Final Fantasy 7: Remake is getting a two-for-one special on PS5 this year: Its PS5 upgrade will add some fancy new visuals, new content, and bump up the frame-rate, plus it’s getting a silly name to signify its makeover! A first glance at the Final Fantasy VII Remake Intergrade trailer reveals a handsome product, which only highlights just how impossibly good the original game looked on PlayStation 4 last year.
A predictable upgrade, but one that won’t show what Square Enix’s remake of the beloved RPG is really capable of on PlayStation 5. You’ll have to wait until the next Remake chapter to see just how much of a visual slobber-knocker Final Fantasy can be when the dials have been turned up to 11. “In terms of graphics, lighting and textures are the main adjustments [in Intergrade], but environmental effects such as fog have also been added to further enhance the sense of realism and immersion in the world,” game director Tetsuya Nomura said to Famitsu via VGC’s translation.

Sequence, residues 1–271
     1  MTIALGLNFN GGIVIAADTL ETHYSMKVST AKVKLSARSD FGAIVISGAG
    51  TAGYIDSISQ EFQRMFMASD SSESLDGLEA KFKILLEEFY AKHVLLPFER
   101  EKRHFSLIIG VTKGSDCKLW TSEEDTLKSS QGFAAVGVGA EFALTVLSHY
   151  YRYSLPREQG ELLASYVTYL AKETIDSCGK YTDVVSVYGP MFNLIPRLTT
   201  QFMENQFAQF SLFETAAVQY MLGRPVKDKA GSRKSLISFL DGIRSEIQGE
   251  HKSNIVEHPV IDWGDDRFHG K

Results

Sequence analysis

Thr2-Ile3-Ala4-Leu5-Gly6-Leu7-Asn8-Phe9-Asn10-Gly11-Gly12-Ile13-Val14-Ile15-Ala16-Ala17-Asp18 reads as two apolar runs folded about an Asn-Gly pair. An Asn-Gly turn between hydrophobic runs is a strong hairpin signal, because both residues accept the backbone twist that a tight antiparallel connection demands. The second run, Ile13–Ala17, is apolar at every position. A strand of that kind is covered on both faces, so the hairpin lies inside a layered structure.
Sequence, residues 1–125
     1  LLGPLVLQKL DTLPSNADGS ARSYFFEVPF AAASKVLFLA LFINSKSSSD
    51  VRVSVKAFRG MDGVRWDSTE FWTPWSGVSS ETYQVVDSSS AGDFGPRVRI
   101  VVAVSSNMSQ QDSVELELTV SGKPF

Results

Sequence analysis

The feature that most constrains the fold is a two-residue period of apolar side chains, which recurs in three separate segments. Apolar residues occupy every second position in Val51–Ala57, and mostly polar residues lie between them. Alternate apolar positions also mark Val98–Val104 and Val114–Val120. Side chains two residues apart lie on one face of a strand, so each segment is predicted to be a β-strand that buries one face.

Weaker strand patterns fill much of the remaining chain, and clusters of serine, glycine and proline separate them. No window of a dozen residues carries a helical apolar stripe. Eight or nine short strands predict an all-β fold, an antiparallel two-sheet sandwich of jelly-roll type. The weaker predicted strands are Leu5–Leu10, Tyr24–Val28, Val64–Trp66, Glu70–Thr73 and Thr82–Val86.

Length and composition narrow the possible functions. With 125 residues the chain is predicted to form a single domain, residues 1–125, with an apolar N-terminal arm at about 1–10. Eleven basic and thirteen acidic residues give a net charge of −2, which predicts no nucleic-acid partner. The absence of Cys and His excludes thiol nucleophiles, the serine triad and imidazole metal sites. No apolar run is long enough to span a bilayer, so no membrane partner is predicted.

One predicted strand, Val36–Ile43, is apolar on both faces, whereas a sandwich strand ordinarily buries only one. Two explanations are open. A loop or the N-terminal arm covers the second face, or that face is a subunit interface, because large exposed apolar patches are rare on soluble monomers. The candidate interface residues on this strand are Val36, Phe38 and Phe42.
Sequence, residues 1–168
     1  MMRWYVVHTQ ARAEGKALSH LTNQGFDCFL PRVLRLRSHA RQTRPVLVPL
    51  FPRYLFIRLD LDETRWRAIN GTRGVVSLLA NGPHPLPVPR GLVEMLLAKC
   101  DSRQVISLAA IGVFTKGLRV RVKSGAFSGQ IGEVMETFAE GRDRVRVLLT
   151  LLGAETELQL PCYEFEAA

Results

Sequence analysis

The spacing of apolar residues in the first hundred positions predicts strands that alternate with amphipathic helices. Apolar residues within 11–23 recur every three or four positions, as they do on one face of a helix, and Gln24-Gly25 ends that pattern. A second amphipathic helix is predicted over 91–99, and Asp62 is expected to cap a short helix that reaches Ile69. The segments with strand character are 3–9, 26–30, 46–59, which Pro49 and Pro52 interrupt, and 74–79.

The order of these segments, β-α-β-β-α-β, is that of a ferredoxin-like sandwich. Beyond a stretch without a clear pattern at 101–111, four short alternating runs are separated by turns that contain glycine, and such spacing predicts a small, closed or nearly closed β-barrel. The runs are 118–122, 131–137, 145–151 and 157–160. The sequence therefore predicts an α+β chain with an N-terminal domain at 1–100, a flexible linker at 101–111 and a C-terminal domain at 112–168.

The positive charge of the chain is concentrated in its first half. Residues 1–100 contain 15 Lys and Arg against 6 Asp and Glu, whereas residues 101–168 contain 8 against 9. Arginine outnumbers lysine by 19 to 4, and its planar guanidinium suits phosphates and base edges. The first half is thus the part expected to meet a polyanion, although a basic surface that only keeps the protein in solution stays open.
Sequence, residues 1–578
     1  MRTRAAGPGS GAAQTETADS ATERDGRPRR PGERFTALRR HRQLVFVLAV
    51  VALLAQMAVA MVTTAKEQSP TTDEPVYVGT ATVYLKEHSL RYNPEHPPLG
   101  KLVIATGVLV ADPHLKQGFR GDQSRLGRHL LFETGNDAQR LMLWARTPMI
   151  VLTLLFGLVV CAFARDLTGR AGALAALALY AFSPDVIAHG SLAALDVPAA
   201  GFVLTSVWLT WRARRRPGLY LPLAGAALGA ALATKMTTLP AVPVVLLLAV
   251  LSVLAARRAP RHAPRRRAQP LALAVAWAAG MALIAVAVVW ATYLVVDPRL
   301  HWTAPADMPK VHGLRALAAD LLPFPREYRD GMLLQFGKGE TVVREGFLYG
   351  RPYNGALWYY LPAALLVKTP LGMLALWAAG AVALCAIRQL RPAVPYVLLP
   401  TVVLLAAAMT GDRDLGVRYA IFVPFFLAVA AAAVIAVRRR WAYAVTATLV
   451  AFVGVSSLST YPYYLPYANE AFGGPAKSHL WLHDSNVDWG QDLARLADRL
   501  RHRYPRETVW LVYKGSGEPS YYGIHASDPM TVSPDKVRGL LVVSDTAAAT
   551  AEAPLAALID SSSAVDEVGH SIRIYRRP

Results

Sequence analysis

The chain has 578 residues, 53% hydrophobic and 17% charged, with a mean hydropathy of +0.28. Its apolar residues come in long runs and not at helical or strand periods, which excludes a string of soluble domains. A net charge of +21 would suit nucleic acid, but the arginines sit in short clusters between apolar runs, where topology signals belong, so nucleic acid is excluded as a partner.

As for adaptive triggers, they are partially supported. However, in terms of using all of the features of PlayStation 5, please wait for the next game where we can start from scratch.
Nothing too surprising right there. We’re still in the very early days of the PS5, and the next chapter in the Final Fantasy VII Remake saga will be developed with that console in mind, allowing it to further draw more of that system’s power out. As for what Part 2 will focus on? Square Enix is naturally keeping its mouth sealed up tighter than a duck’s rear entrance, but f the first game was any indicator, Final Fantasy VII is ready to explore some wild new storylines and directions when it returns.
Speaking of remakes, developer Forever Entertainment will be working with Square Enix on fresh updates of “several” titles based on a particular franchise that the publisher owns according to Biznes. The Polish studio will use a “a new graphic design”, but the core gameplay of these titles will remain the same. It’s not a Final Fantasy VII Remake-level project, but it’s one that could be potentially lucrative for the studio.
It’ll have to shell out cash from its own pocket to develop these remakes, but it’ll pocket a cool 50% of the revenue afterwards. Considering how Square Enix has a bit of a dodgy success rate with remasters on non-Final Fantasy games, maybe a bit of outsourcing is the way to go on preserving its legacy titles.
Last Updated: March 2, 2021